This is also a multi-year agreement so there is great potential for us to see what works this year and improve things for the future. There are other opportunities out there that they are willing to talk about while at the same time they expect to continue to launch faster and faster levels of service.
EKN: The Rock Island Grand Prix is a melting pot of karting genres with 4-Cycle, 2-Cycle, shifterkarts, TaGs and vintage all racing at one event. What helps steer the classes chosen to take part at the Rock Island Grand Prix?
RR: Our goal has always been to offer something for everyone, but obviously with all the classes there are in karting we can’t do that. So it’s really a pretty simple formula … if racers support a class we will continue to offer it.
We’ve been around so long that we’ve seen all the transitions… Yamahas, Animals, US 820, then direct drive Yamaha and ICA, to ICC shifters to Honda shifters, to TAGs, then Rotax, etc., then Clones and now Briggs & Stratton LO 206 and Ignite are the dominant classes.
But we will continue to offer classes as long as racers support them and obviously with our purse structure, the more entries there are, the more we will pay out in prize money. Again, it’s the racers who determine that by entering the classes.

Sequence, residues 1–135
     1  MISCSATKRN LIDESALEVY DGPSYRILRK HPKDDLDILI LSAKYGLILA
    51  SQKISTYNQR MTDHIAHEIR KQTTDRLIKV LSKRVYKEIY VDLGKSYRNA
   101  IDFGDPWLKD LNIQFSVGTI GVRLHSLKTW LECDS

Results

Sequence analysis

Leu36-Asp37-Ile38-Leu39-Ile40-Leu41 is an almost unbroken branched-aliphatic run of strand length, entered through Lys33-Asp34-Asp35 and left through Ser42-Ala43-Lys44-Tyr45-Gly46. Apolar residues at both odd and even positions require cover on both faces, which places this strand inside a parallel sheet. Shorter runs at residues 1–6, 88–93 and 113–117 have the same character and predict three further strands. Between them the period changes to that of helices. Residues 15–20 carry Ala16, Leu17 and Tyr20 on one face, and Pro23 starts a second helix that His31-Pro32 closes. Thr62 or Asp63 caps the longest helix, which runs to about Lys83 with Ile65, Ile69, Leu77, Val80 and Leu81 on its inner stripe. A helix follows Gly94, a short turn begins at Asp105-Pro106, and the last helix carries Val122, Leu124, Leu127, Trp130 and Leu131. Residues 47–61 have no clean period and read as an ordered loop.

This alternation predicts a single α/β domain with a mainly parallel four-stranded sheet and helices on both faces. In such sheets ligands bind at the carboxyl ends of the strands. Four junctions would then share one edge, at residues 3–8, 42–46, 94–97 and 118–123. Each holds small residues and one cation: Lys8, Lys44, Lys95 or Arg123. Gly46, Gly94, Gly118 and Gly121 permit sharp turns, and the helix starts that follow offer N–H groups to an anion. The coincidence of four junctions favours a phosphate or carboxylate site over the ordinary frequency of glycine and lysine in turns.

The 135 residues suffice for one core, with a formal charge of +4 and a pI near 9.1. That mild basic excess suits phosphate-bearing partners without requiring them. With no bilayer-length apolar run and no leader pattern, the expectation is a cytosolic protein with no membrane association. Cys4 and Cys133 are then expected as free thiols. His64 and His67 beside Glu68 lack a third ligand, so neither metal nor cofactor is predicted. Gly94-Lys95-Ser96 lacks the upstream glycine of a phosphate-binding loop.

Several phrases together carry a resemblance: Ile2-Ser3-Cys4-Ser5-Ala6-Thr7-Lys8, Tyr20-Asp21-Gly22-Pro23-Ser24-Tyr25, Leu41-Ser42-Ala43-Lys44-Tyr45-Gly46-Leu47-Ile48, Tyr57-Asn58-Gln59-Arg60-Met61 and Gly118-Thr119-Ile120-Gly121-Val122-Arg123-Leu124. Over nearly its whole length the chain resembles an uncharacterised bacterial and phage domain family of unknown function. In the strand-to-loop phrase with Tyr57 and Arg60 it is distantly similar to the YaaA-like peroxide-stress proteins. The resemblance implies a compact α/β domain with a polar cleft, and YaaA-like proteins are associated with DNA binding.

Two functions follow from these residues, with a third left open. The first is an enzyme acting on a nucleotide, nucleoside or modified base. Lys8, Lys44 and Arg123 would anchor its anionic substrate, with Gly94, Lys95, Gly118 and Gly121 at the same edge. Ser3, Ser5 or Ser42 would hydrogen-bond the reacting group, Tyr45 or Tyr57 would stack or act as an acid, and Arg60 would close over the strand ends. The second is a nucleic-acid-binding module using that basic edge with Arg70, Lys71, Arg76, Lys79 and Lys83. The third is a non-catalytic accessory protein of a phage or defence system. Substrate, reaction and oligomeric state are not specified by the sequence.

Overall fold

Sometimes its difficult to make decisions on classes and rules in December that don’t play out until September, but occasionally we have added classes along the way (like 80cc shifters this year), or dropped them due to lack of entries (like Clone Medium last year). Really, we are trying to accommodate what it is the racers want.
EKN: The event is one-of-a-kind where you race on the city streets, for an affordable entry cost, with prize money and one of the most prestigious trophies in the sport – the Rock – for all the race winners. Where did the Rock trophy come from, and express in your view, what it means for racers to win one?
RR: For many years our race has had the nickname of “The Rock.” One year, many years ago, I was standing on a street corner with our former race director Tom Argy Jr. and explaining to him that when he returned the next year the city would have torn up the main start/finish straight and rebuilt it. He said, “You should keep pieces of the street and give them away as trophies.” While we didn’t go that far, that’s how the idea of “The Rock” trophies was born.
As you have noted, it’s one of the most coveted and prestigious awards in karting because it’s not an easy one to win. If you look at our track, it doesn’t seem very technical compared to purpose-built kart tracks, but it is extremely technical in its own ways and those are not always easy to comprehend — especially in your first visit. It’s show up, practice and tweak your setup, put down some rubber, and race. It can be pretty intense.